SDH network elements
Because traffictouting flexibility is one of the reasons forthe existence of SDH, the simplest wayof considering any SDH network element is as a group of transporttermination functions (TTFs)surrounding a trafficpath connectivity function (see figure 42.21) The TTFs are essentially the conversion functions from the VC level to either the STM or plesiochronoussignal levels, while the connectivity function allows VCs to berouted between the various TTFs.More than anything else, it is the size and flexibility ofthe connectivity function that distinguishes one type of network element from another. For example, a crossconnect may have a large connectivity function, capable of simultaneously routing a large number of VCs of a given type between a large number of TTFs, with very few restrictions on this connectivity. This, of course, is consistent with the normal role of a crossconnect, as a major traffic routing node in a transport network, where electronically control-table traffic routing flexibility is its raison d'etre. At the other end ofthe scale come Line System Terminals (LTEs), which normally incorporate a multiplexer as well. The connectivity between tributaries and aggregate ports of such a multiplexer is normally hard wired, hence no flexibility whatsoever. Between these two extremes come drop and insert (Add/Drop) multiplexers, which attempt to strike a balance, that leads to adequate, rather than comprehensive routing flexibility, with an attendant reduction in equipment costs.
All ofthe above mentioned types ofnetwork element normally assume that any interconnection will be based on optical fibres. It is, however, also possible to use other interconnection media, in particular radio transmission. The problem in using radio interconnectionis that, unlike optical fibres, the available spectrum is finite, and in short supply. The liberal use of overhead capacity in SDH only exacerbates the already difficult problem of squeezing the trafficinformation into the existing arrangement of radio channel bandwidths. These problems are by no means insuperable, but they do tend to restrict radio interconnection of NNI signals to the lower end ofthe SDH range e.g. up to STM-2 at present. This inability to match the transmission capacity ofoptical fibres will progressively force radio based systems out of the core areas of transmission networks, and into the more peripheral areas. In particular, it is likely that radio based SDH equipment will be heavily used for access duties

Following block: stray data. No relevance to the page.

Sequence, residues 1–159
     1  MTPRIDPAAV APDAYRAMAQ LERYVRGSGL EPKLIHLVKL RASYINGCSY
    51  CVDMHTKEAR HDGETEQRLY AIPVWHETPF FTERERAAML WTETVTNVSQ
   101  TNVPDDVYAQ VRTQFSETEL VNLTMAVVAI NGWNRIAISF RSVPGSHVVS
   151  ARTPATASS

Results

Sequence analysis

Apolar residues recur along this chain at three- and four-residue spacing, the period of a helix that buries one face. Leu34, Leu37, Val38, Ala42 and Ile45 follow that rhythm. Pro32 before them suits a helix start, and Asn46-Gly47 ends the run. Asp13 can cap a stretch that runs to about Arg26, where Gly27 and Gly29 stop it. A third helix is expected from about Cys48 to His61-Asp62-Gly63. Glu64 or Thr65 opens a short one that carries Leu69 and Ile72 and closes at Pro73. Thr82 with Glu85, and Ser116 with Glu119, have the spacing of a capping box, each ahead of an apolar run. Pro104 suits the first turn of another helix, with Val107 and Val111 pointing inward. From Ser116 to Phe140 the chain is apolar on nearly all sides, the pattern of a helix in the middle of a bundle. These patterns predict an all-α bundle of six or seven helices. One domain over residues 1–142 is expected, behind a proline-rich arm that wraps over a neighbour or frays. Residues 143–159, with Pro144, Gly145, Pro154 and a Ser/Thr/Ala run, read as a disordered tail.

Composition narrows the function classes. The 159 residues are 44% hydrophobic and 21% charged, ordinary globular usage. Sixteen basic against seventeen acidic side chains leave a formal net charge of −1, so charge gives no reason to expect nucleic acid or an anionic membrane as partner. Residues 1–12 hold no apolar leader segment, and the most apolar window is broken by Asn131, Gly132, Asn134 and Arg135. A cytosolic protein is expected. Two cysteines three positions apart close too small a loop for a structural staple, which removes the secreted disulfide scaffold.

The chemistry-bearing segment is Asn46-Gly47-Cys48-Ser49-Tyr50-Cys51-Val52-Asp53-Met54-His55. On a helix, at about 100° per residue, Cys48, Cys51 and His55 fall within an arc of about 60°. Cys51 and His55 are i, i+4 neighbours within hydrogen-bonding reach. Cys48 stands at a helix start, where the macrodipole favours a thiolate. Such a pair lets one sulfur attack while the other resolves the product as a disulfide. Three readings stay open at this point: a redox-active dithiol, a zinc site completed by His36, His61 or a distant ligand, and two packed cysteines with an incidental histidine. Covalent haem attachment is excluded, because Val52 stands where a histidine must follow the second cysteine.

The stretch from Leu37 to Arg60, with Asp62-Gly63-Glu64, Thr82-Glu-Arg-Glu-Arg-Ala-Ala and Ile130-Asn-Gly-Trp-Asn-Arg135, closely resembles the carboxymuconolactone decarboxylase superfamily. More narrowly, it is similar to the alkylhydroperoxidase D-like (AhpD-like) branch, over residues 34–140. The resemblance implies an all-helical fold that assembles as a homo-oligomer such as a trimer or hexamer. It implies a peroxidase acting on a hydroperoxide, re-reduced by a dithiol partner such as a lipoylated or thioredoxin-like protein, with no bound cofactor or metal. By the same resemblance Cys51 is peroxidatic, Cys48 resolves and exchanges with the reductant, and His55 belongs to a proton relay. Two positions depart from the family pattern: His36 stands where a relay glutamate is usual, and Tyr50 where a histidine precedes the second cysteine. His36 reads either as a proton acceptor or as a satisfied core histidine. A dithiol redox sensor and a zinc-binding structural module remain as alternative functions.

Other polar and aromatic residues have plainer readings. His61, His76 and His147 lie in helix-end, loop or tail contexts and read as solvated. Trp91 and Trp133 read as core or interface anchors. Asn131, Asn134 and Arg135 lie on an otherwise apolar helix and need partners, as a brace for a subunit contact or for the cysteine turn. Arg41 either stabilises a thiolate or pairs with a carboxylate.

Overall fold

The reduction in cost that accompanies a network element with restricted connectivity results not only from simpler hardware, but also from simpler control software. This is somewhat surprising at firstsight, as it has often been said that SDH does not really make economic sense without a large measure of software control over all the network element functionality and, in particular, that of routing flexibility.However, the complexity of even relatively simple SDH network elements leads to a situation where control of complete networksrapidly escalates unless some restrictions are put on the traffic routing complexity. In short, every additional piece of traffic routing flexibility is a potential network control headache.